I grabbed the gown I was instructed to put on and made my way into the bathroom to change. While in there, I breathed through another contraction and talked to God. I was feeling anxious and fearful about labor. I had decided I was going to do this naturally long beforehand and Leslee was on board. I had done it with Luxe—but not by choice. This time…I knew what was coming. I whispered a quick prayer, “Father, I’m feeling nervous. Be with me as I do this. Calm my nerves. Eliminate my fear. Give me strength and endurance. I’d be so grateful if this labor could be quick.” I asked Him for strength…not knowing I would need so much of another kind.
I laid down on the bed and prepared to have the nurse do the routine heartbeat monitoring. She squeezed the green gel on the monitor and started on my right side. Nothing. I wasn’t worried, though. Nurses had found Leif a little uncooperative before. She moved to my left side. Nothing… Maybe this nurse didn’t know what she was doing. I glanced at Leslee, aware that this kind of thing always freaked him out, but couldn’t get him to return my gaze. We had just heard his heartbeat—good and strong—on Monday. Everything had to be fine.
Without any look of alarm on her face, the nurse said, “I’m going to go grab a different machine. I’ll be right back.”
She returned with an ultrasound machine and another nurse. The two of them brought our son into view on the ultrasound screen and the first thing I noticed was the lack of that little pulsing, rhythmic beat you see when a baby comes into view. The nurses exchanged several glances as they looked with us at the screen, but said nothing. I continued to glance at Leslee, but he was boring holes into the monitor. Our eyes searched frantically for the one thing we weren’t finding.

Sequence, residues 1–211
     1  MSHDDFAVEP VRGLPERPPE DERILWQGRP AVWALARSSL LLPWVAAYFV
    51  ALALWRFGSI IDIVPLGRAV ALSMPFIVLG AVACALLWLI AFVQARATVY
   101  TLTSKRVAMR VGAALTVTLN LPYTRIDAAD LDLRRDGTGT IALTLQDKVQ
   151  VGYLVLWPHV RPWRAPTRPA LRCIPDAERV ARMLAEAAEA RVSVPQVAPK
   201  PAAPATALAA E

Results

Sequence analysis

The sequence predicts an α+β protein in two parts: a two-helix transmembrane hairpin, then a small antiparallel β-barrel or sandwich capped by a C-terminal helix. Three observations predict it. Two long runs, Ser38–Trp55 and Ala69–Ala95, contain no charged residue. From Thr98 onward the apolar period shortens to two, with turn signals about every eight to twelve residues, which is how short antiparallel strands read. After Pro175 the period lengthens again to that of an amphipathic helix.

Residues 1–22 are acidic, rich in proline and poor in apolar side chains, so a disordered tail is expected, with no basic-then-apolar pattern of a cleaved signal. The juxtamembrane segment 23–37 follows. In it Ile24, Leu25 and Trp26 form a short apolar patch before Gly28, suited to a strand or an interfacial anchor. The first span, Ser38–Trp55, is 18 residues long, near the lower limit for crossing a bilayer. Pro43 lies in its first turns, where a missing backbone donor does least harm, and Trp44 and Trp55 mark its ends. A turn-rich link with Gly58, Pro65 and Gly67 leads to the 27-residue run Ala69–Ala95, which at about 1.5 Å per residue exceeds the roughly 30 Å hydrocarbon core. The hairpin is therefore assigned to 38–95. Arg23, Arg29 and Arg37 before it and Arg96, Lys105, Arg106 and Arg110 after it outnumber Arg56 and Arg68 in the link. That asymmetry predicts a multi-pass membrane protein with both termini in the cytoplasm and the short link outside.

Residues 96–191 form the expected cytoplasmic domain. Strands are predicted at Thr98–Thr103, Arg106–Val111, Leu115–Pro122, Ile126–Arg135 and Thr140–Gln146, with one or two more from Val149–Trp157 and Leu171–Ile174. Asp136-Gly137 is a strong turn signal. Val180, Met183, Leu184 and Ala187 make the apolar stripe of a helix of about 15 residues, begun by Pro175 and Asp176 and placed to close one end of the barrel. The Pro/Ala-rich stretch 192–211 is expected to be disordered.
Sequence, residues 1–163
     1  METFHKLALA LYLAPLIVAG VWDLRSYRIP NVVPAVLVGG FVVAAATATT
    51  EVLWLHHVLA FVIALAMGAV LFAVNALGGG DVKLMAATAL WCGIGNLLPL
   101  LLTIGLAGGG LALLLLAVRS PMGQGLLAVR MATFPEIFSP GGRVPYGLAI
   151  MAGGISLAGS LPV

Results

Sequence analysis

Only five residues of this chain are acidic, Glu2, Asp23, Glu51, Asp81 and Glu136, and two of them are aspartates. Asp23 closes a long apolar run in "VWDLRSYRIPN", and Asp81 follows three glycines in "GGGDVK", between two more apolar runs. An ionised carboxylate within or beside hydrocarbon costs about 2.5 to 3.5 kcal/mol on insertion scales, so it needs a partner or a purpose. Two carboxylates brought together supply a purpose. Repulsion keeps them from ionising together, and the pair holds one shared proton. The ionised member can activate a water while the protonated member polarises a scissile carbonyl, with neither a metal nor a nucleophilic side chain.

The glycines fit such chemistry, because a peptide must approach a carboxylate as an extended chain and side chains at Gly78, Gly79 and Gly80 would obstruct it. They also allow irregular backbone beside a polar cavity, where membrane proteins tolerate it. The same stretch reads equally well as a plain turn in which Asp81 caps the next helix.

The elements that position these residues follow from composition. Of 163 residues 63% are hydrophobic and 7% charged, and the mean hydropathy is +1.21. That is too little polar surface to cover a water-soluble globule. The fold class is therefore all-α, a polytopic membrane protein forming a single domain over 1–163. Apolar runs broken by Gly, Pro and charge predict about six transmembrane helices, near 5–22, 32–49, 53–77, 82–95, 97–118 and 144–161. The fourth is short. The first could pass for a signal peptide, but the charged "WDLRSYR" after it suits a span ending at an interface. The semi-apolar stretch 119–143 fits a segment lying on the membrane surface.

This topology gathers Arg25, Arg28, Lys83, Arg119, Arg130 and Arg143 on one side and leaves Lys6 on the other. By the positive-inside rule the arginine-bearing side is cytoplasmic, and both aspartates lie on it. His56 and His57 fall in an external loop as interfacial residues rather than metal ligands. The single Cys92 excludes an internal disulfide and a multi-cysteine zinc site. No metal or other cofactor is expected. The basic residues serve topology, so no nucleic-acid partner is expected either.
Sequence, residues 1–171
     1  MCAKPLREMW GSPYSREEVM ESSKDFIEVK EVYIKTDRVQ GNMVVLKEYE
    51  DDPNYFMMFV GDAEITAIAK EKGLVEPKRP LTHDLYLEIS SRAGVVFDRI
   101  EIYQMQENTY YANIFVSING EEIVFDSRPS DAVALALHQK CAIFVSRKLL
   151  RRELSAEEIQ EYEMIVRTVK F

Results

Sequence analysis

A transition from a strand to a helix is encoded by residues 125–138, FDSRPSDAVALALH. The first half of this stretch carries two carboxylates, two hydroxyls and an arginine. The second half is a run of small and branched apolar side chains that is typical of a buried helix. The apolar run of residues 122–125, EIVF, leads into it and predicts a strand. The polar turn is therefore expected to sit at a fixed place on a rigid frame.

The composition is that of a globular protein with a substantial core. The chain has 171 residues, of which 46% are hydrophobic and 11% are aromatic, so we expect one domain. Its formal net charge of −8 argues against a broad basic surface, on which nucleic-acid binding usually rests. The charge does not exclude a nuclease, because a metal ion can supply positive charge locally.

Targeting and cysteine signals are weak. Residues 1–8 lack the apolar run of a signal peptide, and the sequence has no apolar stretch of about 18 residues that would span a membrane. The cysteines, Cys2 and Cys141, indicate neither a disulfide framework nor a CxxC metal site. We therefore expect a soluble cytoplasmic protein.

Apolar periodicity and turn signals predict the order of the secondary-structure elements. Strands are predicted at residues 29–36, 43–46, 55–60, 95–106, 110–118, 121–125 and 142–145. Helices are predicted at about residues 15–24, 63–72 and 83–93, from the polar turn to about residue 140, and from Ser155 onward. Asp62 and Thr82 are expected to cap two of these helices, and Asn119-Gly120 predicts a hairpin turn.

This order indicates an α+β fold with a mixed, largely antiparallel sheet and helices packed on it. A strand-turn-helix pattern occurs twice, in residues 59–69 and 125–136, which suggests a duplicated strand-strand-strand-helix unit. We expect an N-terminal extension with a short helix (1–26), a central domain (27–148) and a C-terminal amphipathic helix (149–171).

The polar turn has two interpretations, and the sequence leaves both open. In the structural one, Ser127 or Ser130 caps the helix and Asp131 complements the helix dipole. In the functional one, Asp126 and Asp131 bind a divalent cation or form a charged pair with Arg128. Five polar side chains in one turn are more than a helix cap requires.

“I’m going to go get the OB on call and have him take a look at this,” the nurse said to me. Leslee still wouldn’t look at me.
I couldn’t look at her. One look and I would have fallen apart. I knew. And she wasn’t there yet. I had prayed so hard for this baby. Harder and more consistently than I’ve ever prayed for anything before. I prayed he would be born healthy and that Breauna would labor quickly. That they both would make it through Leif’s arrival in the world. Our oldest daughter, Taegan, never left him out of her prayers, either. Oh, God, I thought, please give us a miracle. Please don’t let this be. If not for me, than for that little girl who thinks she’s going to meet her baby brother today. Father, please! I’ve been down this road. You gave me Breauna and she helped me pick up the pieces. Please don’t make her travel it, Lord. Don’t let her suffer. I’m begging, Father! Please let him be ok. My mind ran crazy. All I wanted someone to do was come in here and tell us we were scared for no reason.